feedback adjustment loops is shown here.
Although these strategy areas are shown separately but they obviously do not stand-alone. There
must be constant reiteration as one moves around the decision circle. The sourcing obviously influences
marketing strategy, as well as the reverse. The target market may enjoy certain preferential relationships
with other markets. That is, everything influences everything else. Inasmuch as the number of options a
firm faces is multiplied as it moves into international market, decision-making becomes increasingly
complex the deeper the firm becomes involved internationally. One is dealing with multiple currency,
legal, marketing, economic, political, and cultural systems. Geographic and demographic factors differ
widely. In fact, as one moves geographically, virtually everything becomes a variable: there are few fixed
factors.
For our purposes here, a strategy is defined as an element in a consciously devised overall plan of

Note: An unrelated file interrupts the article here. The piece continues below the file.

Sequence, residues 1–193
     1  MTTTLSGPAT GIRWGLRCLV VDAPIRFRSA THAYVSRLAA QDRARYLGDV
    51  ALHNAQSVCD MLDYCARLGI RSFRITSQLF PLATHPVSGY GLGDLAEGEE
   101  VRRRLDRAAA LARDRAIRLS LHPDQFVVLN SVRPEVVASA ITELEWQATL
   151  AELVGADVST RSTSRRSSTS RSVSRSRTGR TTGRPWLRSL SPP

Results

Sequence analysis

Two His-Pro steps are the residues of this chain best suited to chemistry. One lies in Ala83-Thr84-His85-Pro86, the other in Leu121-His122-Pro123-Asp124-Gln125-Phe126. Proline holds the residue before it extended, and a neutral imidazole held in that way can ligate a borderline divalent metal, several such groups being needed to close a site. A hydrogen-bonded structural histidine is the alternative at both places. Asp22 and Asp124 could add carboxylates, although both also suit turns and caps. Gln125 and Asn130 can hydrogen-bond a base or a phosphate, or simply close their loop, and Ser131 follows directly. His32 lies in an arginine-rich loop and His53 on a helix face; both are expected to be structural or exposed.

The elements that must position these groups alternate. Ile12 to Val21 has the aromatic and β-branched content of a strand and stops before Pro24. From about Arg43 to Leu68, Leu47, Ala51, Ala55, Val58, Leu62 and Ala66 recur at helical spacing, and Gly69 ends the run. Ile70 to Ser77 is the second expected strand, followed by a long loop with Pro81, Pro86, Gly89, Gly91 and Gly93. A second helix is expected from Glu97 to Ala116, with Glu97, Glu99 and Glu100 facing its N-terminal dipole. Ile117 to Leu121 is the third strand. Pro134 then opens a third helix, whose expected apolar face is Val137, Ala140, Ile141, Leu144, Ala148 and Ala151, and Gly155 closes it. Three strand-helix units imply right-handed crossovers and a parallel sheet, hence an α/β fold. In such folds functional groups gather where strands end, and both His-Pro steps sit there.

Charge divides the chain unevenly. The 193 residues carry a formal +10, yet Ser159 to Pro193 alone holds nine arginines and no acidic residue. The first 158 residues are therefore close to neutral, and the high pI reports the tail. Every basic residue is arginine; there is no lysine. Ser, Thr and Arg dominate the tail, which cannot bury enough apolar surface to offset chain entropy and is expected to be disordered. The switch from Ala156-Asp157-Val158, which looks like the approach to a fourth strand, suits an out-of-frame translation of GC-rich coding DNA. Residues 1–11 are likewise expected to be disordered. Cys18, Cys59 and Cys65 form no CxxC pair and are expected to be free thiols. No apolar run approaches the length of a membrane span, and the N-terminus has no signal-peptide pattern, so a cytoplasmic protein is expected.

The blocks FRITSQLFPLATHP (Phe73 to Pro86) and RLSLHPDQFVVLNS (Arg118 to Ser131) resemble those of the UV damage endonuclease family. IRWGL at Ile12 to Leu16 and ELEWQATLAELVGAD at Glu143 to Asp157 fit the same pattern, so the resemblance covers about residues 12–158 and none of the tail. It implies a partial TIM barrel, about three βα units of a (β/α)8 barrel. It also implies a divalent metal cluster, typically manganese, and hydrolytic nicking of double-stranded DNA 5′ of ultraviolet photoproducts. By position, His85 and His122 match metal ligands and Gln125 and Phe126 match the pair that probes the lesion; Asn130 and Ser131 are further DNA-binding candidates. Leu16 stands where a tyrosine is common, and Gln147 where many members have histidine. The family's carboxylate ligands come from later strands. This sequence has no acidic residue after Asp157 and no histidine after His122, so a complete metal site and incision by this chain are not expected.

corporate development that, once made and implemented, is difficult (i.e. costly) to change in the short
run. By way of contrast, an operational or tactical decision is one that sets up little or no institutionalized
resistance to making a different decision in the near future. Some theorists have differentiated among
strategic, tactical, and operational, with the first being defined as those decisions, that imply multi-year
commitments; a tactical decision, one that can be shifted in roughly a year‘s time; an operational
decision, one subject to change in less that a year. In the international context, we suggest that the tactical
decision, as the phrase is used here, is elevated to the strategic level because of the rigidities in the
international environment not present in the purely domestic-for example, work force planning and
overall distribution decisions. Changes may be implemented domestically in a few months, but if one is
operating internationally, law, contract, and custom may intervene to render change difficult unless
implemented over several years.
SPECIAL DIFFICULTIES IN INTERNATIONAL BUSINESS
What make international business strategy different from the domestic are the differences in the